PORFLE’S CHRISTMAS BUMMER

I never tried to wait up for Santa Claus on Christmas Eve when I was a kid, because my parents told me that if Santa came by and I was still awake, he would skip our house.  This filled me with a terror unlike any I’d ever known, except for the time I saw those photographs of Larry King posing nude on the hood of a ’57 Studebaker.  The idea of Santa skipping my house on Christmas Eve was the worst thing imaginable.  So, I dutifully trundled off to bed and lay awake for hours, listening for sleigh bells even though it was 68 degrees outside.

After I found out there wasn’t any Santa Claus, I realized that my parents had told me that just so they’d have time to set up all my toys in the livingroom for Christmas morning.  It dawned on me that parents tell their kids all sorts of lies during the holiday season.  I guess they aren’t really sinister lies or anything, but they’re enough to warp a kid’s mind.

For one thing, there’s that “naughty or nice” crap.  I used to go around being good as much as possible because I was convinced Santa was watching my every move, judging my behavior and rating my toy-worthiness.  Every time I did something bad, images of coal in my stocking or a bundle of switches under the Christmas tree instead of toys filled me with a dark, paralyzing dread.  One which, needless to say, my parents were quick to capitalize upon.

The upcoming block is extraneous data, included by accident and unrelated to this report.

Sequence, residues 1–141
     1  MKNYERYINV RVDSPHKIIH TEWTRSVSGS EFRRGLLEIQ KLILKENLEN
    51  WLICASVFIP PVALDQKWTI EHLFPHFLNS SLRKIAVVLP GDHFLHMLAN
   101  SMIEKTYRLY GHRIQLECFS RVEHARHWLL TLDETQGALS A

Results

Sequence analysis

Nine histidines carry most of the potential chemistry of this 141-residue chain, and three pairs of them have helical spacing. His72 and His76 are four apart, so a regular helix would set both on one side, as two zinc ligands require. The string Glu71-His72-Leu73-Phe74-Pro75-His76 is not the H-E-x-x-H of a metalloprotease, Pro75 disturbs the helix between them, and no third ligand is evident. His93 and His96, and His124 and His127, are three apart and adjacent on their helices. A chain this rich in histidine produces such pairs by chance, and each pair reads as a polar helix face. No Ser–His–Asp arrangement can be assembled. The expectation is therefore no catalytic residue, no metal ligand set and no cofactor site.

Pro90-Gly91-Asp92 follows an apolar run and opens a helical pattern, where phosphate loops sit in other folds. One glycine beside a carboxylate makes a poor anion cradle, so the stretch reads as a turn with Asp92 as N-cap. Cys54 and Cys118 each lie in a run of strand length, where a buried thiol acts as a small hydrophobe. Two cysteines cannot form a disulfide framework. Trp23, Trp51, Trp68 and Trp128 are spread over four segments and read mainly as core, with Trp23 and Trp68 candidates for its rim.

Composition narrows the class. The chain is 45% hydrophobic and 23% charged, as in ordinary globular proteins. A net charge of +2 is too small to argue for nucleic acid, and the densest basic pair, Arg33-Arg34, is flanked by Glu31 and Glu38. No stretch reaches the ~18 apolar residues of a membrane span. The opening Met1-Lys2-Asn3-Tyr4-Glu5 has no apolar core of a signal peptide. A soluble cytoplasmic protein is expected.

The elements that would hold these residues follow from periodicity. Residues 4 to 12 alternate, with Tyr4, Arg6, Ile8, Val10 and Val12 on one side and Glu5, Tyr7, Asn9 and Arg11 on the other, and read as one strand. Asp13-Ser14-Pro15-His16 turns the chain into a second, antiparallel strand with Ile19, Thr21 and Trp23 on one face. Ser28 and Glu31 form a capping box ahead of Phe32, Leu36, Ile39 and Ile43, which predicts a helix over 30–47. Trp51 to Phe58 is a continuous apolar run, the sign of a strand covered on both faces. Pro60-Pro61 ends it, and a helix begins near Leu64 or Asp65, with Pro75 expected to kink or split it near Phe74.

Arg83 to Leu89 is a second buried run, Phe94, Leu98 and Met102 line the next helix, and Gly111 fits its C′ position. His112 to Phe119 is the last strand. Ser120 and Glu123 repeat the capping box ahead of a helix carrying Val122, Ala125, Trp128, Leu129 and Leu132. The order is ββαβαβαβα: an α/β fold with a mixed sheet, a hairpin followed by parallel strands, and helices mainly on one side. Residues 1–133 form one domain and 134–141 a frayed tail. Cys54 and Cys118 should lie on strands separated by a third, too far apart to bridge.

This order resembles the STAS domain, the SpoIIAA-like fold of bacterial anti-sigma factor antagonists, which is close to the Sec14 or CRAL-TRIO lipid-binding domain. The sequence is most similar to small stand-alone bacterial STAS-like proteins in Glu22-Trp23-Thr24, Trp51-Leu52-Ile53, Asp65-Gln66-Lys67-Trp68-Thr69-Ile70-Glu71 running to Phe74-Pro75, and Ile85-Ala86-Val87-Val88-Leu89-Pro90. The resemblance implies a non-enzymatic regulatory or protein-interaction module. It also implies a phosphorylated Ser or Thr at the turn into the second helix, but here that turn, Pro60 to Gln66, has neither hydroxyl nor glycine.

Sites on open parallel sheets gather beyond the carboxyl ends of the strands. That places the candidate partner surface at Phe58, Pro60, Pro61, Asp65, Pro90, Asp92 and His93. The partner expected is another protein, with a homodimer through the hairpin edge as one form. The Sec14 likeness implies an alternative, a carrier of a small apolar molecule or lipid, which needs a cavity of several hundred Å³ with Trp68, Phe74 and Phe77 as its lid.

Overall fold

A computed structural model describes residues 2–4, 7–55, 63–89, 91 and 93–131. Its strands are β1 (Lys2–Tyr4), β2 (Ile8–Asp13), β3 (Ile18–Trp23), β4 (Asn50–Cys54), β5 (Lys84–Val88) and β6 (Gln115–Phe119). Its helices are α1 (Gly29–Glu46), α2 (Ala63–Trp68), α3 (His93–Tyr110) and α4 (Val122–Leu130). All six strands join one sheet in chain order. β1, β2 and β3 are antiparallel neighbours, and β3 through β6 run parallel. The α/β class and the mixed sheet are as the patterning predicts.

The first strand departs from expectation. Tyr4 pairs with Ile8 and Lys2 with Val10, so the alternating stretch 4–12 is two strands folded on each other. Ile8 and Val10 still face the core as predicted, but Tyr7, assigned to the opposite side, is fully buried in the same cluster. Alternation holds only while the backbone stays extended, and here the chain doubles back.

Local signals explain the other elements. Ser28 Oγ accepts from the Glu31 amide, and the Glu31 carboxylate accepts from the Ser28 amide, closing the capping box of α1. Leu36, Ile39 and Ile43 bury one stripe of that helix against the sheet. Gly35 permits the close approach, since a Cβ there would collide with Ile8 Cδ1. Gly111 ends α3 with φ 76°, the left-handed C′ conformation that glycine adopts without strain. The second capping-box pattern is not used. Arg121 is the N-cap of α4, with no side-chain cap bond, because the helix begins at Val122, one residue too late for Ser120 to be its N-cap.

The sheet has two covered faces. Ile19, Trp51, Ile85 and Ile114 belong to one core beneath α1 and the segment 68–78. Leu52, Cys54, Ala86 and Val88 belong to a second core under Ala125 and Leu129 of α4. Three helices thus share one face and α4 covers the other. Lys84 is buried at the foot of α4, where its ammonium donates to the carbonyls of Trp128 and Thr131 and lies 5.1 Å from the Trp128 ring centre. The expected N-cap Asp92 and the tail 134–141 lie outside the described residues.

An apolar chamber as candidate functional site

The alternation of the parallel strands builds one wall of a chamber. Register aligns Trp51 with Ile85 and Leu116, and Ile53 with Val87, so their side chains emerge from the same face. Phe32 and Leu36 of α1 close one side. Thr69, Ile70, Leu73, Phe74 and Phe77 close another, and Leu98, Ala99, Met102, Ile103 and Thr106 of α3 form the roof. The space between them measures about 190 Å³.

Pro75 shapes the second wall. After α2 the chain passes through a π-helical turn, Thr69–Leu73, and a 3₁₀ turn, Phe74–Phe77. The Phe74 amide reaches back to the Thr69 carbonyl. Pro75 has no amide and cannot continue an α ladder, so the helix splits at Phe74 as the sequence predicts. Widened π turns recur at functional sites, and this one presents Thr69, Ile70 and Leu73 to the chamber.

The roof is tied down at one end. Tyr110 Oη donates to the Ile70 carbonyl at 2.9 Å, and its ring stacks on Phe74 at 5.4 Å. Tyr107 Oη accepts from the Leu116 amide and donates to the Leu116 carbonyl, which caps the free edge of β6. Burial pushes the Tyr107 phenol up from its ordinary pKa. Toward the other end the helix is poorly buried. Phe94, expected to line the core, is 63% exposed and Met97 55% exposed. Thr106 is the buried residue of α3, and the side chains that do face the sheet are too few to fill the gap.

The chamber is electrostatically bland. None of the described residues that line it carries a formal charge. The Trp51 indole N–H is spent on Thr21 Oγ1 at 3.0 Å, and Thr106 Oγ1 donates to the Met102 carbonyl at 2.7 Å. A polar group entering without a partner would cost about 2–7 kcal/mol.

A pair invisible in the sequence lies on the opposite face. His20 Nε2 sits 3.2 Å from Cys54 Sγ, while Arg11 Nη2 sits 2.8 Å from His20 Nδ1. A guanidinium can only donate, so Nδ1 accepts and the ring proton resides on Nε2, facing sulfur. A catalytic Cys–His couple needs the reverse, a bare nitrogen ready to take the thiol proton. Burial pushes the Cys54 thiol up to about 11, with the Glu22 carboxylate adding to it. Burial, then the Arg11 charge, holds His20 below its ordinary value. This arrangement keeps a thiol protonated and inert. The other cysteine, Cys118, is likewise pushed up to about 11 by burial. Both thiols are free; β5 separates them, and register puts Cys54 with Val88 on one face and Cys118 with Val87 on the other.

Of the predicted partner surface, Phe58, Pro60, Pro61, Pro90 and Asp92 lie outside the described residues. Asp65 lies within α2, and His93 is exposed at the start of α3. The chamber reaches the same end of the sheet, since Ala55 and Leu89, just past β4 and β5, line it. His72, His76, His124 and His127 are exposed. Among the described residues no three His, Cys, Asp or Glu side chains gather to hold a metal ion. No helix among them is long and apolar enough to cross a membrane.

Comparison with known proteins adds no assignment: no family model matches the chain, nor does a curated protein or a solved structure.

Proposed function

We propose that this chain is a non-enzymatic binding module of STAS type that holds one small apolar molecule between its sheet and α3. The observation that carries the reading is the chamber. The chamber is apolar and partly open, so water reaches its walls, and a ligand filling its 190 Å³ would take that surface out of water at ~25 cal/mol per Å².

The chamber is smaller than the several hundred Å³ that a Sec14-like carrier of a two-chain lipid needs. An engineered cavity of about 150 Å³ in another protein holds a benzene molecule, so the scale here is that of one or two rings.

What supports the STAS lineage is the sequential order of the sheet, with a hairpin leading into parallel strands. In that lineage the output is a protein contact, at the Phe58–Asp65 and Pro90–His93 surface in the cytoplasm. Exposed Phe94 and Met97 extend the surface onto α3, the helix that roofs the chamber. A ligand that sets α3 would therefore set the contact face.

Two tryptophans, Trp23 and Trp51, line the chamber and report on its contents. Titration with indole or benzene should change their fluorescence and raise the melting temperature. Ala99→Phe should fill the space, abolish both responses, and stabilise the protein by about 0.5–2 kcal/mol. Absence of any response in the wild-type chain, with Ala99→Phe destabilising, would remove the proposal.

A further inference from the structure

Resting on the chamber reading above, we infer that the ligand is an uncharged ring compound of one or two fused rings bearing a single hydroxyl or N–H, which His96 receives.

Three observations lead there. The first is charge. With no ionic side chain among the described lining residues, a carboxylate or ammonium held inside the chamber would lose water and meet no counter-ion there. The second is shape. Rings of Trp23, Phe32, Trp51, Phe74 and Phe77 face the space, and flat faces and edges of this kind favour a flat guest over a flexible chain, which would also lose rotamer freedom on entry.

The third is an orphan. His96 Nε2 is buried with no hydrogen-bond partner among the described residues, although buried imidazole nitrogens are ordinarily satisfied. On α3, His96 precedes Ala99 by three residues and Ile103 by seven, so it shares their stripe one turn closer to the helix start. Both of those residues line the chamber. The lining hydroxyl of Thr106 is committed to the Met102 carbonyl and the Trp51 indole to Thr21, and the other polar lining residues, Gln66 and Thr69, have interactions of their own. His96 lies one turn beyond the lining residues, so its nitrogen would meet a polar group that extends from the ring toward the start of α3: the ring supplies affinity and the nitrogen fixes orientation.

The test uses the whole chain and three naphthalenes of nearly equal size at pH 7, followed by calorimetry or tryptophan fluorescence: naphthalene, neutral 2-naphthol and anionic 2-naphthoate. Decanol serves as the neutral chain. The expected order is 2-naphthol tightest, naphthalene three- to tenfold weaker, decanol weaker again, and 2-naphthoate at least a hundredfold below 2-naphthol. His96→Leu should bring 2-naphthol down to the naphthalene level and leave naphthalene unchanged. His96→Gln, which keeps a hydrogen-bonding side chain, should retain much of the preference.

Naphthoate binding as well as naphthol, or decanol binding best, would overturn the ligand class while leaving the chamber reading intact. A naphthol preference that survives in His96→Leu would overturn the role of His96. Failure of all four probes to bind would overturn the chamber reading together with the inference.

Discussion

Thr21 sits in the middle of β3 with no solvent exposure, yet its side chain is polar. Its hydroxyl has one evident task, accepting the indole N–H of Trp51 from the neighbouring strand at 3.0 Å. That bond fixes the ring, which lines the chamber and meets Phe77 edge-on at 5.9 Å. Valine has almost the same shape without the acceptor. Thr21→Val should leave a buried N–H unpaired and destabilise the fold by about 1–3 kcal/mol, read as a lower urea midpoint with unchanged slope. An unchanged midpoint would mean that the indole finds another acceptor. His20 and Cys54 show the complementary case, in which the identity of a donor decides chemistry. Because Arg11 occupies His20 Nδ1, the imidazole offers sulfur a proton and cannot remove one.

“You’d better straighten up,” they’d warn, “or Santa Claus will bring you a bundle of switches this Christmas.”  I could imagine all the other kids playing with their cool toys on Christmas day, like pedal cars you could ride in or a machine that made real snow cones, and me sitting there like a leper with my bundle of switches, wailing and gnashing my teeth in Old Testament despair.

And then there were the lies your parents told just to mess with your head.  Once I leapt out of bed on Christmas morning and my mom was standing at the door to the livingroom, peering through the crack.  “Santa Claus is in there!” she whispered hoarsely.  I ran to look in, but then she said, “Too late, he just left.”  I kicked myself for years over that one, devastated that I’d missed out on an actual Santa sighting by mere seconds.  The psychological torment was almost unbearable.

Nowadays, Christmas comes and goes and I barely even give a rat’s ass.  I’m not a drinker anymore, but every once in a while I’ll buy a bottle of booze and a six-pack of Bud and get loaded on Christmas Eve just so I can simulate the old Christmas spirit in kind of a vague, melancholy way.  I stay up as late as I jolly well please now because Santa has been skipping my house since I was a kid anyway, so who the hell cares.  So I get bombed and pass out, and the only sleigh bells I hear are the ones clanging inside my skull the next morning.

I really did think Santa Claus had come to visit me one Christmas Eve a few years ago, but it was just Wilford Brimley asking if he could use my phone.  I told him he could come in if he acted like Santa Claus and said “Ho ho ho” and stuff, and maybe left me a present or two.  I thought he was going to pull a gun on me or something.  He did eat all my cookies and drink up all my milk while he was on the phone, which was kind of Santa-like.  “I left you a present in the john,” he said on his way out.  “Ho ho ho.”  When I found out what it was, that bundle of switches started looking pretty good.

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